Development of the mushroom body

As mentioned before, the most widely accepted hypothesis for the mechanism of the movement of chemicals through the vomeronasal fenestrae and into the lumen of the VNO is suction, which is associated with the mushroom body [25, 39, 49, 51]. The concha of the VNO is absent in Sphenodon, thus its presence seems to be a squamate apomorphy [22, 23, 71]. However, this structure is either poorly developed or absent in Iguania [31]. A well distinguishable mushroom body primordium of the grass snake was present at the beginning of stage II. Thus, it appears, probably, in the embryos of N. natrix before the eggs are laid. In Thamnophis, this structure appears soon after the fusion of the medial and lateral nasal processes [23]. The same situation exists probably in Malpolon monspessulana [28]. The cartilage of the mushroom body appears later, at the beginning of stage VI. It is connected ventrally with the remaining part of the lamina transversalis anterior. The broad part of the lamina transversalis anterior, which directly gives the dorsal projections of the cartilage of the mushroom body and which also passes posteriorly into the ectochoanal cartilage, has been often called the cartilage of Jacobson’s organ [35, 72]. It can form the sole part of the lamina transversalis anterior (in scolecophidians and some viperids) or constitute the most developed part of this cartilage– in comparison to the separate, vestigial anterior one (elapids and some viperids) [72]. At the same time when the cartilage of the mushroom body appears, the basal part of the mushroom body cartilage gains the anteromedial bony supports from the vomer. The latter develops considerably at later stages. The vomerine concha was also found in monitor lizards [24, 38].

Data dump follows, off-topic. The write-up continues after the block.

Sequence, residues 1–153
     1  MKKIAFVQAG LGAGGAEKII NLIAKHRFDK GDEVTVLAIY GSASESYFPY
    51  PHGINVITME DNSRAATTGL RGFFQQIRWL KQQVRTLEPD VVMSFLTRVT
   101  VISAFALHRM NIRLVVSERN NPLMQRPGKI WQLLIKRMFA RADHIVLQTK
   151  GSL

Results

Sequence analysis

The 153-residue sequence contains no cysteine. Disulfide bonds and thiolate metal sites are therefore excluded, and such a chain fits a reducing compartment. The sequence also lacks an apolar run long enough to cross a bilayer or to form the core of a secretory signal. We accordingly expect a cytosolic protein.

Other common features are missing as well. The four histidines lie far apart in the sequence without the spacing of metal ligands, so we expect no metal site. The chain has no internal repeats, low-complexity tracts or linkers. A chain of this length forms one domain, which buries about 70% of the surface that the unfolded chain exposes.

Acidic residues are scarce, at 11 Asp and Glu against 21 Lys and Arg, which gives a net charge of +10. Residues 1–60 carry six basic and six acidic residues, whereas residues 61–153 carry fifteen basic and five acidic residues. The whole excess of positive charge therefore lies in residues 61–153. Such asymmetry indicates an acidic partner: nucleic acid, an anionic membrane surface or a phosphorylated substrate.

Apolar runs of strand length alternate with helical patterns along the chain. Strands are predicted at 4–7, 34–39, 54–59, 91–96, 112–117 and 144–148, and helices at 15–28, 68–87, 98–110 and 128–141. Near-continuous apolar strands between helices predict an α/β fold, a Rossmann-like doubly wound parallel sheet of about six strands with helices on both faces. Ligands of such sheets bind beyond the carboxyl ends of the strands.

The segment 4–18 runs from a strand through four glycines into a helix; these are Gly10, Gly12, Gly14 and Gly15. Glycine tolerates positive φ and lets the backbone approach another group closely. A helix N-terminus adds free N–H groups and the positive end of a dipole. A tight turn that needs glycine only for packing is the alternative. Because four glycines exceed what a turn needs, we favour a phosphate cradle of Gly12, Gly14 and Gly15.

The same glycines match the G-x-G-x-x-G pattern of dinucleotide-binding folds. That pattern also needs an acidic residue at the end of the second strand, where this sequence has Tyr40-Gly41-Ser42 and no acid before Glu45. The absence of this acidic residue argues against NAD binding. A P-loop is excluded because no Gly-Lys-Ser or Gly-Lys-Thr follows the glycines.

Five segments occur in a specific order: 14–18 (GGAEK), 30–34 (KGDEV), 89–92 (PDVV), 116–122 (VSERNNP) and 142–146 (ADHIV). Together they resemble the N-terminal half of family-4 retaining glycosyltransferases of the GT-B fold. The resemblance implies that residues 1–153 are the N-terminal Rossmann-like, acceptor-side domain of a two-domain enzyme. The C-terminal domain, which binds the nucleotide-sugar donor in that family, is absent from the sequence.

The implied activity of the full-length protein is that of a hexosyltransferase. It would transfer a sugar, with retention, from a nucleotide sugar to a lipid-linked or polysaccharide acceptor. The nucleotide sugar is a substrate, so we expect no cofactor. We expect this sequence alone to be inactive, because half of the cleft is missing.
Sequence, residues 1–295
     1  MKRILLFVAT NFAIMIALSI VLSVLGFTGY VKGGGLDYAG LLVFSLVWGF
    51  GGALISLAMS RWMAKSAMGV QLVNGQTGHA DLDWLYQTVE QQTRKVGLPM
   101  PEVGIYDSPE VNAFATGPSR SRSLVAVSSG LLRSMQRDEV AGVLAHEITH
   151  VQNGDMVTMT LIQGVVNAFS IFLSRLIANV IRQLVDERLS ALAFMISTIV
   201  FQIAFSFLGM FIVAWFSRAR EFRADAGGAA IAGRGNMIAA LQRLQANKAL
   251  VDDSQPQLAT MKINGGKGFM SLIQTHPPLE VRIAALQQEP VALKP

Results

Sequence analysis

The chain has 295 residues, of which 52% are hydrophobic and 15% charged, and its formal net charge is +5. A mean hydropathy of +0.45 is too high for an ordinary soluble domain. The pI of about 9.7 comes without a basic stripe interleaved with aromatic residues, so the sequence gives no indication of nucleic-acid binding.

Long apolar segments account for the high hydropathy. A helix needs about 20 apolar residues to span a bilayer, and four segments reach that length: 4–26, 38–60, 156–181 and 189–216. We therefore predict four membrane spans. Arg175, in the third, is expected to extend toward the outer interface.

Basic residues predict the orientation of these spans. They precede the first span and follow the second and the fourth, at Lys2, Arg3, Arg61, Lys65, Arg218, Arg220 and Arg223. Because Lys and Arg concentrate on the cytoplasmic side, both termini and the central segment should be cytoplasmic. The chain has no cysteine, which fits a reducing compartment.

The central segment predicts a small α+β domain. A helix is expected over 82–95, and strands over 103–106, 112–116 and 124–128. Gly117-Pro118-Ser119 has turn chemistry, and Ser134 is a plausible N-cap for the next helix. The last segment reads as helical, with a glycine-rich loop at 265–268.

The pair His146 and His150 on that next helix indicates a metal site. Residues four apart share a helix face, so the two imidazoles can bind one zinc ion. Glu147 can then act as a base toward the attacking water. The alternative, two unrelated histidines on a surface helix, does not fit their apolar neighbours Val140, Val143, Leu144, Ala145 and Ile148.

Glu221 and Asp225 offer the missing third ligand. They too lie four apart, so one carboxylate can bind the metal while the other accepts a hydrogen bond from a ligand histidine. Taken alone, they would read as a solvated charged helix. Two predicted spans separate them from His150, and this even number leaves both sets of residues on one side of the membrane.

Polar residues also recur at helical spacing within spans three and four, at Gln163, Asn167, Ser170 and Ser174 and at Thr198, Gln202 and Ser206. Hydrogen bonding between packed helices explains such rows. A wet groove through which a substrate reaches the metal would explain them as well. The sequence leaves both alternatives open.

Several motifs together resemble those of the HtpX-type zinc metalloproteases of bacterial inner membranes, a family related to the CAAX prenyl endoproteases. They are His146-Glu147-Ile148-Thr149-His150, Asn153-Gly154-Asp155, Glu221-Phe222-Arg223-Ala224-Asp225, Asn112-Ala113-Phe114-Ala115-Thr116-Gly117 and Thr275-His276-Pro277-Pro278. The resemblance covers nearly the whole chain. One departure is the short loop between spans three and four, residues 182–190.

Formation of the lacrimal duct